CVF: Or as long as the pandemic is going on. We’re aware that this is an ongoing situation. We want to chart how artists are responding to the situation, in real time. We knew there was an ongoing nature to the crisis and that if we’re going to talk about it eloquently, and in a fulsome way, that we’d have to capture the nature of that ongoing phenomenon.
Also, in order for it to be fully representative, we knew we had to cover several waterfronts – the show had to be global, because it’s a global pandemic, and we should try to cover the waterfront in terms of career spans. So, we’ve got some emerging artists, some mid-career artists and some quite established and famous artists. That way you get the full scope of the reaction, or as much as we’ve been able to muster anyway.
What we didn’t want to do is a data dump. We wanted an exhibition that gave you a sense of the evolving nature of the problem. We recognized that one of the differences in putting a virtual show together, as opposed to a physical show, is that it’s actually easier to walk through a room, and more attention-grabbing, than to consistently scroll through fifty or sixty ‘pages’ of contributions.
For a while, we were unveiling four artists’ contributions at a time, every Tuesday at 10:30 a.m. Now, we’re down to two at a time. We figure that by October we will have the entire show up, so that November and December will be months where people can assay the entire thing.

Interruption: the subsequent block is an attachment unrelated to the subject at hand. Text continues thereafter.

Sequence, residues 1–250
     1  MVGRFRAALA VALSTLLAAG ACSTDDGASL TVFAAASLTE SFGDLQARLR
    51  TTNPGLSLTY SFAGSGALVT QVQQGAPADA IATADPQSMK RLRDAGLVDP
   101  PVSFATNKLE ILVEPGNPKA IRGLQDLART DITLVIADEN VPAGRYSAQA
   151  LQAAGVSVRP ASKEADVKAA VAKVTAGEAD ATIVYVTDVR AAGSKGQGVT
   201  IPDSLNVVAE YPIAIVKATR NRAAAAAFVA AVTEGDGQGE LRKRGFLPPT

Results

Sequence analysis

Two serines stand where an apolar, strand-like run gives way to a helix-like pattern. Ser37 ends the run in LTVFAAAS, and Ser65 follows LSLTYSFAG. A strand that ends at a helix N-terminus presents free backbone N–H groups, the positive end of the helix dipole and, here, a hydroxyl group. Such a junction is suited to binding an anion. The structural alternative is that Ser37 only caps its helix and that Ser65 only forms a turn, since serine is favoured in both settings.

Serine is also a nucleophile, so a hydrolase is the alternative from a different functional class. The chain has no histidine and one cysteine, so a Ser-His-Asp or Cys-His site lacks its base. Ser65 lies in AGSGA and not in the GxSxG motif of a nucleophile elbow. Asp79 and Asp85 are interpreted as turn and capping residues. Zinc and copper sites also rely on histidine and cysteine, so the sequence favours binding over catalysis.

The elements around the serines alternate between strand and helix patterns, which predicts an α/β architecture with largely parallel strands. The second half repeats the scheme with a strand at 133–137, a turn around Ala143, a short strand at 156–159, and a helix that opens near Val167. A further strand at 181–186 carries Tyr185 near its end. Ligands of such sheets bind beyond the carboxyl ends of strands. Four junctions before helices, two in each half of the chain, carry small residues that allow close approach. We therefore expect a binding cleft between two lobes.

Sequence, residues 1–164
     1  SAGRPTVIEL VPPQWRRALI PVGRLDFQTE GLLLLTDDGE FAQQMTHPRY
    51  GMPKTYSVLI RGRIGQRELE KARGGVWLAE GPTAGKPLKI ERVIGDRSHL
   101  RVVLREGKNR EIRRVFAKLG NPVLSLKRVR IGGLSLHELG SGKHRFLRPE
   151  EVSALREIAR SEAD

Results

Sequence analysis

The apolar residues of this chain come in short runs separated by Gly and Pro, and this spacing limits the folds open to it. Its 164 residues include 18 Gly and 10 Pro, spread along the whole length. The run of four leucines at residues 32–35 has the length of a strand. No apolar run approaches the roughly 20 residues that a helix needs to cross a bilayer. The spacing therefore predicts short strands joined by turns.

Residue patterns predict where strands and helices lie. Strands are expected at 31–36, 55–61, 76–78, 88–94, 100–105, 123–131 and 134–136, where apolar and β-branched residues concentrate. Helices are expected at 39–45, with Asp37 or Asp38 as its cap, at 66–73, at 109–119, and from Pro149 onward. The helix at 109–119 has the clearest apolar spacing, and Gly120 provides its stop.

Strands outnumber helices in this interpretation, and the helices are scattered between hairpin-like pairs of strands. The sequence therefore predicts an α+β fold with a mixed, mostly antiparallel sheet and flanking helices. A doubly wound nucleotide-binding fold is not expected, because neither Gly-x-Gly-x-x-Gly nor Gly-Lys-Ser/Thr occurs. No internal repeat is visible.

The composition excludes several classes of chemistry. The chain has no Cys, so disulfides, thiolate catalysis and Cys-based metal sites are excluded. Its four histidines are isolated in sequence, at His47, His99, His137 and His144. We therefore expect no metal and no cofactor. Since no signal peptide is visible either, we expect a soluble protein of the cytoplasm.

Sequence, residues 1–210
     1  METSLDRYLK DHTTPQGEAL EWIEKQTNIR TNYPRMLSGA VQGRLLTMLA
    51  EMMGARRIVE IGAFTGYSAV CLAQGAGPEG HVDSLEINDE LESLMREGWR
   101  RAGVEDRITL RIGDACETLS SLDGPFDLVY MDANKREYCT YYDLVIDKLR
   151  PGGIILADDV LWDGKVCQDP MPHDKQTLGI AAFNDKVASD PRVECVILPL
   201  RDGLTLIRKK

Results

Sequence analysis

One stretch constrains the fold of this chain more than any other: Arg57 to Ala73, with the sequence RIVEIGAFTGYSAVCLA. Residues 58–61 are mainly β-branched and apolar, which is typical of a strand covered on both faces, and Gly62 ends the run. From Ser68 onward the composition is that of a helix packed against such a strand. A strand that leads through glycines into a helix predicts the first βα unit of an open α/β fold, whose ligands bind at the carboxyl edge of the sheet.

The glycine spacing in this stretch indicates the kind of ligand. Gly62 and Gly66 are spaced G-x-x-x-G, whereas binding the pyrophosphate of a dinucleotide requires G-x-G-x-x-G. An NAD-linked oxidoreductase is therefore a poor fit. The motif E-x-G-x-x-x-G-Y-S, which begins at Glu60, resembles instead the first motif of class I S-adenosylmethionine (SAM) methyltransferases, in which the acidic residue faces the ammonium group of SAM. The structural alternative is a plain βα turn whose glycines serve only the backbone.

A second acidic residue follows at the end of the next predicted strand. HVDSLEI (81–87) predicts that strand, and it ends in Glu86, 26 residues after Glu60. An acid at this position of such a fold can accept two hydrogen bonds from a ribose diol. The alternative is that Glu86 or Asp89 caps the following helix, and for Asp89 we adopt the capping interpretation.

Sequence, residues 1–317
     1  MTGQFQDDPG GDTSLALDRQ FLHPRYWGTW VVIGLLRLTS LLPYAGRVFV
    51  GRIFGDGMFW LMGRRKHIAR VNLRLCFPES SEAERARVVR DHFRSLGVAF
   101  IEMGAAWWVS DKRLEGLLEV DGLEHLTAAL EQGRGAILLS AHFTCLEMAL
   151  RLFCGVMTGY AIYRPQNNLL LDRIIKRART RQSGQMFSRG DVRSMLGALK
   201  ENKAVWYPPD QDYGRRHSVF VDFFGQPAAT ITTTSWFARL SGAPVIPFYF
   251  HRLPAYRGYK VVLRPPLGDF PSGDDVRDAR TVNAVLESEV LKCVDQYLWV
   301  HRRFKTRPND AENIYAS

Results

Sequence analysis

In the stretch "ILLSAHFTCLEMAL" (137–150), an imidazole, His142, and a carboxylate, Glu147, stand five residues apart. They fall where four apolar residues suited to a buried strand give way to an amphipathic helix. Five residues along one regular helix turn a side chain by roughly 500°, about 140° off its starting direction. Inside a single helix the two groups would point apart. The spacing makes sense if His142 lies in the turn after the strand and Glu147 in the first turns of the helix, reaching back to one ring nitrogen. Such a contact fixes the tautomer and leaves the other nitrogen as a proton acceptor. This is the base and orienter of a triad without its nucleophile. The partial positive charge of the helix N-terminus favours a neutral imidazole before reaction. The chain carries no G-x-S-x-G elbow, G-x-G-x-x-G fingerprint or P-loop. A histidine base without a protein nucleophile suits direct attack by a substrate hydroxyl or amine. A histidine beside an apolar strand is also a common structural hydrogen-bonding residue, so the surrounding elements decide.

. . .
TW: Do you choose the contributions to the show, or do the artists choose which pieces to exhibit?
CVF: We come to an agreement. I suggest artworks I’m interested in and sometimes they say, ‘Yeah, but I’ve got this piece that I’ve just made,’ which, of course, is wonderful. I really want to know what they’re up to, right now.
Some of the artists in the exhibition have spent the pandemic thinking, and not making work, because making work is not something that’s been available to everyone. Some folks have been stranded outside of their places of residence because of international travel restrictions. I also know people who haven’t been able to get to the studio, for one reason or another.
Also, for many artists, work that they’ve made in the past has a new read now. Things, every little and big thing, have been significantly not just recontextualized but resignified.